After the demise of the white minority rule in South Africa in 1994, various steps were taken to address the land question. White and green papers on land were produced and various policy initiatives were taken and numerous pieces of legislation were passed, all with one aim: to resolve the mammoth task about the vexing land question. The post- 1994 policy makers in South Africa identified three key elements of land reform, viz., restitution, redistribution and tenure reform. All those elements were also enshrined in the post-1994 South African constitution.

At present (2017), almost twenty-three years after the burial of white minority rule in South Africa, the land question seems to be far from being resolved decisively. Perhaps it is still too early to think of the total, conclusive and permanent solution of the land issue. The pace and the progress so far have led to criticisms and review calls from various quarters on the whole land reform process.

One of the reform areas which has been heavily criticised was the 1913 cut-off date of land claims. According to that arrangement, only land dispossessions which occurred after the passing of the notorious 1913 Natives Land Act would be considered for restitution, redistribution and tenure reform. In other words, large tracts of land that had been forcefully annexed from the indigenous African communities prior to 1913 were not negotiable. The 1913 Act which gave blacks only 13% of land was being used as a basis and point of departure in land reform in a new democracy in South Africa. Perhaps part of the problem was that the land that has never been bought in the first place, was being sold, and the land that has never been sold, was being bought! That approached was constantly reviewed over the years especially because the land “owners” (read whites)charged hefty prices for “their land” in an arrangement called “willing-buyer-willing-seller”.

This book uses the Makgabeng area in the north-western corner of Limpopo Province, South Africa – as a case study. It picks up the land issue from the earliest occupation of land in the Makgabeng area by the Khoisan and Bantu-speaking communities; through to the mid- 19th century when land occupation and ownership were affected by the arrival of Europeans. The book continues to examine communal identity creation in that area until lately. Various theories of identity creation as advanced by various schools of thought and authors are discussed and applied in the Makgabeng area in order to lay down a theoretical framework of analysing identity creation around land in the Makgabeng area.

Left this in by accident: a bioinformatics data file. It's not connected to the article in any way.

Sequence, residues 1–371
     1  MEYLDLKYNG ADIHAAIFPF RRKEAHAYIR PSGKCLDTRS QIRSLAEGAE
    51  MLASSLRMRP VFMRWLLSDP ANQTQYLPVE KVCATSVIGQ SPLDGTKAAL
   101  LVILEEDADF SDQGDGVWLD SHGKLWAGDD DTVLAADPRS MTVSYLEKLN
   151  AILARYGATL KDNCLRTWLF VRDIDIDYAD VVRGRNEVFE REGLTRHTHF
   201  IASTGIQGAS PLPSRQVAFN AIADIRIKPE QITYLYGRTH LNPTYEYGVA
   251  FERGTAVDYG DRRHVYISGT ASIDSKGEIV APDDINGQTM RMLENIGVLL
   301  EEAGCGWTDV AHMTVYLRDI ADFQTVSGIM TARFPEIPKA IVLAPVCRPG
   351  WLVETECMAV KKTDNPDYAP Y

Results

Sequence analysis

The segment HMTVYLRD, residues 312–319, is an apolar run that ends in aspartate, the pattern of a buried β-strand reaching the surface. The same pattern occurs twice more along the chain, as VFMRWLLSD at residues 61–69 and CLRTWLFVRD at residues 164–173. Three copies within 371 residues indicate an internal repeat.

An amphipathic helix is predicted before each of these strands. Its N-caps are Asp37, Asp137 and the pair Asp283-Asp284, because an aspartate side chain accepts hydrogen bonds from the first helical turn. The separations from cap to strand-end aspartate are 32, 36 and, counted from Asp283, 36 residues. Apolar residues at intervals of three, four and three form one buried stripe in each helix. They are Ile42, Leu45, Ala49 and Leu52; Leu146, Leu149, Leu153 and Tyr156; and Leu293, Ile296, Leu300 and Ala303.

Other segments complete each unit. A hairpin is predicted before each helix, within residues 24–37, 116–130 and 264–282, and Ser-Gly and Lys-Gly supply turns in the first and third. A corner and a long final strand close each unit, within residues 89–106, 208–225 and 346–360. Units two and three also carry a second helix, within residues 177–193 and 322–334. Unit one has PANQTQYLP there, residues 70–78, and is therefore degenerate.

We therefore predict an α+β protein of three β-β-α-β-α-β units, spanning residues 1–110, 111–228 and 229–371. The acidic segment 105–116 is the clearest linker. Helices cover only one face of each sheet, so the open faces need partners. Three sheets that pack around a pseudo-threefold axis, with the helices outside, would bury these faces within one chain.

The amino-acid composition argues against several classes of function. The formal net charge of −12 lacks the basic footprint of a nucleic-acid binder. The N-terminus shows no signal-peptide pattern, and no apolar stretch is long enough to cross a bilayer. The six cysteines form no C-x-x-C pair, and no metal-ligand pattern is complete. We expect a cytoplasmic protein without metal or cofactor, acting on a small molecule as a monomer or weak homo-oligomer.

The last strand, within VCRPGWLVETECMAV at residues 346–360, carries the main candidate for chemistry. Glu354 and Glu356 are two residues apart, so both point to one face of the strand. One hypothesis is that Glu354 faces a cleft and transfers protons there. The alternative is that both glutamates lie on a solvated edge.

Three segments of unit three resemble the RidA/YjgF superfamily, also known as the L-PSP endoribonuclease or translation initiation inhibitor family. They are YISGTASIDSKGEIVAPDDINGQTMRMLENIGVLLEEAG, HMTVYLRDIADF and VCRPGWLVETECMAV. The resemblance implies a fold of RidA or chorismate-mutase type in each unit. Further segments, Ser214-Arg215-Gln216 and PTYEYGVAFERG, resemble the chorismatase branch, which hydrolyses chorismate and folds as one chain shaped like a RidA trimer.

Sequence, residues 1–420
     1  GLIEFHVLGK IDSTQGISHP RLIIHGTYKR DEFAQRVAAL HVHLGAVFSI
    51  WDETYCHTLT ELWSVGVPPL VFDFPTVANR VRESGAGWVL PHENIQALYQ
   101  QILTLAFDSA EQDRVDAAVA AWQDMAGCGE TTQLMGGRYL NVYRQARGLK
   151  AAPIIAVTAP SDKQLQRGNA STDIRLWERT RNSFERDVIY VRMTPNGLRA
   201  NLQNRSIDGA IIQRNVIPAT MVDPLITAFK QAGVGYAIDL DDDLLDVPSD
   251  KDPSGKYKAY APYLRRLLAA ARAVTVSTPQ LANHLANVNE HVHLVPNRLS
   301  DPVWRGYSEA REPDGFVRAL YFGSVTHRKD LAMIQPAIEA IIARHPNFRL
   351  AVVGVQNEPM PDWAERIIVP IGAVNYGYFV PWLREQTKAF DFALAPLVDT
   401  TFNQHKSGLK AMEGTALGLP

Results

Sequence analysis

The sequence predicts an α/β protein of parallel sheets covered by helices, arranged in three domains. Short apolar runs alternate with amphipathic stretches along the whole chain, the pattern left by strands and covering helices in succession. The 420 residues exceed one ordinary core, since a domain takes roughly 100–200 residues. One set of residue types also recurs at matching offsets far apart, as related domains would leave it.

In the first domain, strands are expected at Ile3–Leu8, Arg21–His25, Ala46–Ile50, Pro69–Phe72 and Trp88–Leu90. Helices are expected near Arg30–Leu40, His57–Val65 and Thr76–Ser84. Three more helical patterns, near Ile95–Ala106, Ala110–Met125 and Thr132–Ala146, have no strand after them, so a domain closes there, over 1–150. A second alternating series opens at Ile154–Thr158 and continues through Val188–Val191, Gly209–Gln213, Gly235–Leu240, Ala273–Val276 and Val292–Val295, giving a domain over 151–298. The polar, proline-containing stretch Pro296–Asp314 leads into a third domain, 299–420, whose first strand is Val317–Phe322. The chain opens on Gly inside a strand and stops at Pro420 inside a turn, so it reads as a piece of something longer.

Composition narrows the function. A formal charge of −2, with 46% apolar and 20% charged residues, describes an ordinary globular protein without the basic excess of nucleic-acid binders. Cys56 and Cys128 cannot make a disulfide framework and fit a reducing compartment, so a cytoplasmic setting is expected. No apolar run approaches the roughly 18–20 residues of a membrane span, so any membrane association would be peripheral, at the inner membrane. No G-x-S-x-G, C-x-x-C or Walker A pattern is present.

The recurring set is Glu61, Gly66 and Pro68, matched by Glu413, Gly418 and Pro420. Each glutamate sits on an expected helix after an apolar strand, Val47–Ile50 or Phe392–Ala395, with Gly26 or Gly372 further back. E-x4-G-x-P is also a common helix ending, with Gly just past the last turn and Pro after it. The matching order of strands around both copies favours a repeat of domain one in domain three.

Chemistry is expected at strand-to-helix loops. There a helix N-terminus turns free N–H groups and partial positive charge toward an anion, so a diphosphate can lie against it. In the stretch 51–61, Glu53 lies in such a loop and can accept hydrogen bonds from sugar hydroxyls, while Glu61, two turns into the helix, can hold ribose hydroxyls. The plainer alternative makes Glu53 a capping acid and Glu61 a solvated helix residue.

Land has been a very important factor in shaping identities in the Makgabeng area. Firstly, as an environmental factor, the inhabitants of Makgabeng – since the earliest ones – had depended on land and all its natural resources for their survival. The role of the environment – land in particular – in shaping identities is espoused by Asante-Darko, who identifies various connotations that the evocation of flora, fauna and the landscape, have in the determination of social, racial and socio-cultural identities.

Secondly, in accordance with M. Castells’ notion of the importance of “shared experience” in identity creation, land played an important role in communal identity formation in the Makgabeng area as far back as the earliest occupants of that area. This happened when different communities settled on the same area and began to define themselves as belonging there. From the earliest occupants of the Makgabeng area, the San, the Khoikhoi, the Bantu speakers, the missionaries and the European colonial settlers, people defined themselves as part and parcel of the land they occupied. Their occupation of land also affected their social, cultural and political aspects which are said to be decisive in creation of identities. In this book, changes which took place regarding land issues will be traced as far back as the earliest occupants of Makgabeng up until the current 21st century.

Finally, the book exposes facts about how land-dispossessed black people were dumped and cramped in rural reserves which came to be overpopulated, overgrazed, eroded; while large tracts of land teeming with dense bushes, lush grasses and roaming wild animals were electric-fenced off and owned by whites, together with their international capitalist friends and multinational corporations. The poor indigenous black communities, deprived of their land, came to compete for space with their cattle, donkeys, pigs, sheep, goats and children in those bantustan villages.

Dr. Tlou Setumu is Author and Researcher of History, Heritage and Culture. His books include: Biographies of Bra Ike Maphoto, TT Cholo and Max Mojapelo; His Story is History; The Land Bought, the Land Never Sold; Ideas with no Space; Footsteps of Our Ancestors; etc. Books are available on www.mak-herp.; and also in Polokwane – Academic Bookshop (opposite CNA Checkers Centre); and Budget Bookshop (c/o Rissik and Landros Mare Streets).